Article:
Modelling the spatial distribution of cetaceans in New Zealand waters
|Author(s)||Stephenson Fabrice1, Goetz Kimberly2, Sharp Ben R.3, Mouton Theophile4, Beets Fenna L.1, Roberts Jim2, Macdiarmid Alison B.2, Constantine Rochelle5, 6, Lundquist Carolyn J.1, 6, Sarmento Cabral Juliano|
|Affiliation(s)||1 : National Institute of Water and Atmospheric Research (NIWA) Hamilton, New Zealand
2 : National Institute of Water and Atmospheric Research (NIWA) Wellington ,New Zealand
3 : Fisheries New Zealand Ministry for Primary Industries Wellington ,New Zealand
4 : Marine Biodiversity, Exploitation, and Conservation (MARBEC) UMR 9190 Université de Montpellier Montpellier, France
5 : School of Biological Sciences University of Auckland Auckland ,New Zealand
6 : Institute of Marine Science University of Auckland Auckland ,New Zealand
|Source||Diversity And Distributions (1366-9516) (Wiley), 2020-04 , Vol. 26 , N. 4 , P. 495-516|
|WOS© Times Cited||16|
|Keyword(s)||boosted regression tree models, cetacean distribution, New Zealand, relative environmental suitability models, spatial management, species distribution models|
Cetaceans are inherently difficult to study due to their elusive, pelagic and often highly migratory nature. New Zealand waters are home to 50% of the world's cetacean species, but their spatial distributions are poorly known. Here, we model distributions of 30 cetacean taxa using an extensive at‐sea sightings dataset (n > 14,000) and high‐resolution (1 km2) environmental data layers.
New Zealand's Exclusive Economic Zone (EEZ).
Two models were used to predict probability of species occurrence based on available sightings records. For taxa with <50 sightings (n = 15), Relative Environmental Suitability (RES), and for taxa with ≥50 sightings (n = 15), Boosted Regression Tree (BRT) models were used. Independently collected presence/absence data were used for further model evaluation for a subset of taxa.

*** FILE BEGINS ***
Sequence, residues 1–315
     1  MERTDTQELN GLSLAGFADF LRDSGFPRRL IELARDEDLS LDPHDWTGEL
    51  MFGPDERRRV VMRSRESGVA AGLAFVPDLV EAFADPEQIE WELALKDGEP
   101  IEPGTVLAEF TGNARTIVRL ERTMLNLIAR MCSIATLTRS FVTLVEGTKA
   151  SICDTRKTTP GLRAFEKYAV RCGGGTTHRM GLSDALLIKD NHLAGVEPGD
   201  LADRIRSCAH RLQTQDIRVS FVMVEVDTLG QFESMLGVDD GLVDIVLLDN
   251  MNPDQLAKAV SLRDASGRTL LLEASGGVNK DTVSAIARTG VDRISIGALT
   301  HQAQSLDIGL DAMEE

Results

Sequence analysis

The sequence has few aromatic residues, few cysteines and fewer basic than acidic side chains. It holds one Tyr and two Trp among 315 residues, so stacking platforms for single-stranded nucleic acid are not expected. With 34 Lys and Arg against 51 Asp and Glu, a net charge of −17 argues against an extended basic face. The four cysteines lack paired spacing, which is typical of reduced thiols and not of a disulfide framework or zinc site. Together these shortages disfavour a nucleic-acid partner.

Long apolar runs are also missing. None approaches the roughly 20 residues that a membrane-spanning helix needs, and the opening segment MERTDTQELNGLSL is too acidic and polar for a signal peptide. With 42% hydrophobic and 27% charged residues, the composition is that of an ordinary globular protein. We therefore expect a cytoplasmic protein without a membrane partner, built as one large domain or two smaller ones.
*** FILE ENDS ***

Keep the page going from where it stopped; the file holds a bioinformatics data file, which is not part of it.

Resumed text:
RES models for rarely sighted species showed reasonable fits to available sightings and stranding data based on literature and expert knowledge on the species' autecology. BRT models showed high predictive power for commonly sighted species (AUC: 0.79–0.99). Important variables for predicting the occurrence of cetacean taxa were temperature residuals, bathymetry, distance to the 500 m isobath, mixed layer depth and water turbidity. Cetacean distribution patterns varied from highly localised, nearshore (e.g., Hector's dolphin), to more ubiquitous (e.g., common dolphin) to primarily offshore species (e.g., blue whale). Cetacean richness based on stacked species occurrence layers illustrated patterns of fewer inshore taxa with localised richness hotspots, and higher offshore richness especially in locales of the Macquarie Ridge, Bounty Trough and Chatham Rise.
Predicted spatial distributions fill a major knowledge gap towards informing future assessments and conservation planning for cetaceans in New Zealand's extensive EEZ. While sightings datasets were not spatially comprehensive for any taxa, these two best available approaches allow for predictive modelling of both more common, and of rarely sighted, cetacean species with limited available information.